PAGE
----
The Sacramento Kings have had their share of relocation drama since Feb. 2011 when the team was looking to move to Anaheim.
With the Maloofs selling the team to a Chris Hansen's group, who will move the team to Seattle, Sacramento received the good news that may keep their team from moving.
R.E. Graswich, Think Big Sacramento's Director of Public Affairs and former aide to Sacramento mayor Kevin Johnson, was the first to point out that the Kings' minority owners have the first right of refusal to buy the Maloofs' 65 percent share of the team, valued at $340 million.
The Sacramento Bee's Dale Kasler talked to David Flemmer, the bankruptcy trustee of minority owner Bob Cook. Flemmer said in yesterday's article that minority owners were being denied their first right of refusal and will take action:
Flemmer wouldn't go into details on legal strategy but said he plans to assert the limited partners' rights at a hearing next Thursday in U.S. Bankruptcy Court in Sacramento.
"Bankruptcy is a tool; this tool can be effective," Flemmer said. "We are very, very, very concerned that there's a deal being cut that's going to (ignore) that right."
The first right of refusal has been used before. Charlotte Bobcats owner Michael Jordan exercised his right to become the majority owner of the team in 2010.
Mayor Johnson mentioned that there were more than two "whales" who were interested in becoming major equity partners and buying the Kings and committed to help build a downtown arena.
While billionaire Ron Burkle and Bay Area investor Mark Mastrov are rumored to be teaming up, Larry Ellison, America's third-richest man and co-founder and CEO of Oracle, is set to meet with Johnson today, Cook said in The Bee.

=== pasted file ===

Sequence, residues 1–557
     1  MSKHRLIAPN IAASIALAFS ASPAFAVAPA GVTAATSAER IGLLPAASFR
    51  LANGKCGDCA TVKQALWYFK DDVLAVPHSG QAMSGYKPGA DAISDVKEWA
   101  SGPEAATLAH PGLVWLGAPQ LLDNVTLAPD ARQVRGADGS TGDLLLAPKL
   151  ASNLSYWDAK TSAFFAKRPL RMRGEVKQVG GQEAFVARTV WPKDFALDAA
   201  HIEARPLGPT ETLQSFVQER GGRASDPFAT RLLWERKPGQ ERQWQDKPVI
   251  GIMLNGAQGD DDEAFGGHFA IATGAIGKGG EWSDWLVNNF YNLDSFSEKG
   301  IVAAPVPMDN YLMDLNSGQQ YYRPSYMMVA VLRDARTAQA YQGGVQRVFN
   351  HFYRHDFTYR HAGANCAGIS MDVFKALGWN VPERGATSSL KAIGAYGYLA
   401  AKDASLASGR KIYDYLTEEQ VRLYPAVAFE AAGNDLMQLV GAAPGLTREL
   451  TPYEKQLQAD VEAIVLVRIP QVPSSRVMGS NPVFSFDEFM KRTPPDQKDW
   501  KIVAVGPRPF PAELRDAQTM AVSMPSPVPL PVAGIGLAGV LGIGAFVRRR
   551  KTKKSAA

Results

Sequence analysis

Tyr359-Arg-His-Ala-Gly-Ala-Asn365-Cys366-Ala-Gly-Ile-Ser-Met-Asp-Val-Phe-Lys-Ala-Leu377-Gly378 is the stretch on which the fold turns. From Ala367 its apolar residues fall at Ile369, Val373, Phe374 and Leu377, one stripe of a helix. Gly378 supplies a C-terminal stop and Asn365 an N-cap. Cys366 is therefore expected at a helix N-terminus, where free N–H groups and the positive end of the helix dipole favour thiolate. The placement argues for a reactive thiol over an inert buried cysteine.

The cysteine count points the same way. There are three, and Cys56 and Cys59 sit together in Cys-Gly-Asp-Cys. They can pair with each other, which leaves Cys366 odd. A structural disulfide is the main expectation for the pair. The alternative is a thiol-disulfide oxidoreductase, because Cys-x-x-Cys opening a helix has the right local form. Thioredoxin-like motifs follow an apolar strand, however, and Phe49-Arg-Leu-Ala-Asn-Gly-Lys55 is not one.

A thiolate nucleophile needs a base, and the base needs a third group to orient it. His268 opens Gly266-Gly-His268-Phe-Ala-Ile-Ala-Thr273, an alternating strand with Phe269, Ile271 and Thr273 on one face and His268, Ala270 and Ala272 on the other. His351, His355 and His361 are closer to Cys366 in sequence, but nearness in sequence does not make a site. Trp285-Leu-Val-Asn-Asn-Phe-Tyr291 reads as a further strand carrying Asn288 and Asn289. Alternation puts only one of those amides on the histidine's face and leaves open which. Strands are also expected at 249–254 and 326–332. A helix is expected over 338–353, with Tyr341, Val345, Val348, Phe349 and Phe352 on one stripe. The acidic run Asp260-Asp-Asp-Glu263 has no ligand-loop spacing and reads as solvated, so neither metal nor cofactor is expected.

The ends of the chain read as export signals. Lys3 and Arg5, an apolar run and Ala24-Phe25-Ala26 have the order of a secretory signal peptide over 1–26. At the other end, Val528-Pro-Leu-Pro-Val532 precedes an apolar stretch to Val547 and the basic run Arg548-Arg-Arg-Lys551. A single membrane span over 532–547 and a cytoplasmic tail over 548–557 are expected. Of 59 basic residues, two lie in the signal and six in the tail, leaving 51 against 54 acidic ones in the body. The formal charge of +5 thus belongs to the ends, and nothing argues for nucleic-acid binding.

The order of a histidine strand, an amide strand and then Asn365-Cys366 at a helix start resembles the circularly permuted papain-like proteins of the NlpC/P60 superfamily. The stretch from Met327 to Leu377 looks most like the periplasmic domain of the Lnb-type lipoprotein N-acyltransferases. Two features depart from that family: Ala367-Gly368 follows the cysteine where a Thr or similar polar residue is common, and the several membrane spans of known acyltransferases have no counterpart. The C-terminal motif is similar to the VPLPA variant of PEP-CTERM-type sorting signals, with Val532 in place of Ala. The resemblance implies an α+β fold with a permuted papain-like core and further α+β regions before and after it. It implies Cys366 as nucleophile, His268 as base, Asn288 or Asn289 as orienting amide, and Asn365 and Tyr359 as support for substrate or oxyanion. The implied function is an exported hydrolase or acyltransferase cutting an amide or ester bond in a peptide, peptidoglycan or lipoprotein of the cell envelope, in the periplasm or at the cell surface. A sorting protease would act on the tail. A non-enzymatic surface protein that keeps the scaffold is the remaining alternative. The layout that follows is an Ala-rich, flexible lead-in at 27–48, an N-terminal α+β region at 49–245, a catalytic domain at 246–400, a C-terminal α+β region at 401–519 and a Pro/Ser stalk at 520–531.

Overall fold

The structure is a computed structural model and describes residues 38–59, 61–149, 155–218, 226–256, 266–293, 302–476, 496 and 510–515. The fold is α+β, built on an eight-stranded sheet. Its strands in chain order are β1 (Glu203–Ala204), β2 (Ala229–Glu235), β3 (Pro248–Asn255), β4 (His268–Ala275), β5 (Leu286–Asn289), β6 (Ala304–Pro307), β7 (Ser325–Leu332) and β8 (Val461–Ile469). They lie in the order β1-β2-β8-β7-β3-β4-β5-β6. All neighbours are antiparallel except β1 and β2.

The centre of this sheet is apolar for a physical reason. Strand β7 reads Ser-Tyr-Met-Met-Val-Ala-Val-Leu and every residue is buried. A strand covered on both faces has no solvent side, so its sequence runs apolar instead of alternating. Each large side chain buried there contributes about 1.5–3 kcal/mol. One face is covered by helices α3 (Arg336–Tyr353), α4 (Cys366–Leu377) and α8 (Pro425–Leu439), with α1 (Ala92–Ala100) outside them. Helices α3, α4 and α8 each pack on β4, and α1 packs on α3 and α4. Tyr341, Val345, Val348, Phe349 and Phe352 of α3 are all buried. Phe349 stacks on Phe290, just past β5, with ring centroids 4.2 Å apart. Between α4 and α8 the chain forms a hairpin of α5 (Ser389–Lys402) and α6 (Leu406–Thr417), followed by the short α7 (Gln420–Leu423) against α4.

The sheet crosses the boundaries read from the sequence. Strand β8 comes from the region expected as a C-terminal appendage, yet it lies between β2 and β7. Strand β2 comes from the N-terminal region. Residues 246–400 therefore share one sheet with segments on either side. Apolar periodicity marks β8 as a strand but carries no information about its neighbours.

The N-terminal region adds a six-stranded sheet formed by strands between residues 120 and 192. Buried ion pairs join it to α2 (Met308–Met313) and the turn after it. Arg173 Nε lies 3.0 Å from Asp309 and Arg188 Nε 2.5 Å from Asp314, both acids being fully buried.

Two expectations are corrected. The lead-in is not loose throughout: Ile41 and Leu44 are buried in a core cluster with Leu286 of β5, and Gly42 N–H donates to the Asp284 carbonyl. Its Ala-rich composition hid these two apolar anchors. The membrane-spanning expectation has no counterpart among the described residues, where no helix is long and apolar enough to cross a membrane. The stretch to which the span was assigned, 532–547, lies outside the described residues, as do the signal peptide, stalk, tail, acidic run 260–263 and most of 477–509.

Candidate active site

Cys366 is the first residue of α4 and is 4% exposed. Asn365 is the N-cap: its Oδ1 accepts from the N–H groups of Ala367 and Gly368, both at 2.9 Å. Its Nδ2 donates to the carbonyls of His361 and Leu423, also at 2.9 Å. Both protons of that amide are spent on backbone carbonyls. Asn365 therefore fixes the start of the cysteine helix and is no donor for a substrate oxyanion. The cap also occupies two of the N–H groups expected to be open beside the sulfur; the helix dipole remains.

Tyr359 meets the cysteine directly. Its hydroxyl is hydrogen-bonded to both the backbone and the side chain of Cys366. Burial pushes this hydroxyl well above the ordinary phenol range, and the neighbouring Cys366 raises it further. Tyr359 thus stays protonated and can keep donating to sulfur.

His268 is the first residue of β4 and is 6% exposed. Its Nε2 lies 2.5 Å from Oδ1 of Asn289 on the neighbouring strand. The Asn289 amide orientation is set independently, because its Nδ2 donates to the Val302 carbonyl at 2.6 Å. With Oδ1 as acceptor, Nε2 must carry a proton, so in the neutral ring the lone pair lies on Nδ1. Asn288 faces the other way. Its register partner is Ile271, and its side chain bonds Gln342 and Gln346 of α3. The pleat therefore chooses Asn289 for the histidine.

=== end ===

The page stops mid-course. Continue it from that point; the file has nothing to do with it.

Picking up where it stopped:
How rich is Ellison? He bought the Hawaiian island of Lanai for a price between $500-600 million and has a net worth of $41 billion according to The Bee. This wouldn't be his first pursuit of an NBA team and he has local ties:
Ellison was in the running to buy the Golden State Warriors two years ago and actually outbid the eventual winners, Joseph Lacob and Peter Guber, according to various media reports. Ellison lost out on the team because his final offer was said to have come in too late.
Ellison has connections in the Sacramento area. He underwent surgery at UC Davis Medical Center in 1992 after being badly injured in a bicycle accident, and wound up donating $6 million to the school. The school's ambulatory care center is named after him.
With the minority owners having the chance to buy the Maloofs' share in the team and Ellison thrown into the mix of keeping the team in town, the chance of a Sacramento Kings team, not a reborn Seattle SuperSonics team, showing up next season are starting to look up.